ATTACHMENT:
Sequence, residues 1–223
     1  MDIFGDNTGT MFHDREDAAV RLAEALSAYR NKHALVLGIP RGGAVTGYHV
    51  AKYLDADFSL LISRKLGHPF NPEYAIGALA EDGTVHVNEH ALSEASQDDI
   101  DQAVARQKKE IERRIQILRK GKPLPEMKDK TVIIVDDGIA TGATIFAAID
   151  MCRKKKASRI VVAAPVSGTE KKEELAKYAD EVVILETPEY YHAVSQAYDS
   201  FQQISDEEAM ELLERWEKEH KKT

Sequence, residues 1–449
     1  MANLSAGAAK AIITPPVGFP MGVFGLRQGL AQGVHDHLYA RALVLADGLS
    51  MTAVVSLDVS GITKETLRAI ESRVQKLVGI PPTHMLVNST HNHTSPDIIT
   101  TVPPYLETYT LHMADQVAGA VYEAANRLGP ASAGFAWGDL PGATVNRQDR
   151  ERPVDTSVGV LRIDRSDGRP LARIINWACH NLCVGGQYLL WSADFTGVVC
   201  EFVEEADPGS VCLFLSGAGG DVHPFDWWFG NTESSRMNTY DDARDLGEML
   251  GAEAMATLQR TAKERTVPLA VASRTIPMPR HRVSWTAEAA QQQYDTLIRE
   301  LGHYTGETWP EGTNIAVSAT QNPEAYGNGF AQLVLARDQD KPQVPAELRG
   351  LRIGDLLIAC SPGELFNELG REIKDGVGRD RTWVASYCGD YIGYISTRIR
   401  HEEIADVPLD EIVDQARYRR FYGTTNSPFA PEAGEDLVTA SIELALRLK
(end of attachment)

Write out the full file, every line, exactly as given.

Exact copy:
Sequence, residues 1–223
     1  MDIFGDNTGT MFHDREDAAV RLAEALSAYR NKHALVLGIP RGGAVTGYHV
    51  AKYLDADFSL LISRKLGHPF NPEYAIGALA EDGTVHVNEH ALSEASQDDI
   101  DQAVARQKKE IERRIQILRK GKPLPEMKDK TVIIVDDGIA TGATIFAAID
   151  MCRKKKASRI VVAAPVSGTE KKEELAKYAD EVVILETPEY YHAVSQAYDS
   201  FQQISDEEAM ELLERWEKEH KKT

Sequence, residues 1–449
     1  MANLSAGAAK AIITPPVGFP MGVFGLRQGL AQGVHDHLYA RALVLADGLS
    51  MTAVVSLDVS GITKETLRAI ESRVQKLVGI PPTHMLVNST HNHTSPDIIT
   101  TVPPYLETYT LHMADQVAGA VYEAANRLGP ASAGFAWGDL PGATVNRQDR
   151  ERPVDTSVGV LRIDRSDGRP LARIINWACH NLCVGGQYLL WSADFTGVVC
   201  EFVEEADPGS VCLFLSGAGG DVHPFDWWFG NTESSRMNTY DDARDLGEML
   251  GAEAMATLQR TAKERTVPLA VASRTIPMPR HRVSWTAEAA QQQYDTLIRE
   301  LGHYTGETWP EGTNIAVSAT QNPEAYGNGF AQLVLARDQD KPQVPAELRG
   351  LRIGDLLIAC SPGELFNELG REIKDGVGRD RTWVASYCGD YIGYISTRIR
   401  HEEIADVPLD EIVDQARYRR FYGTTNSPFA PEAGEDLVTA SIELALRLK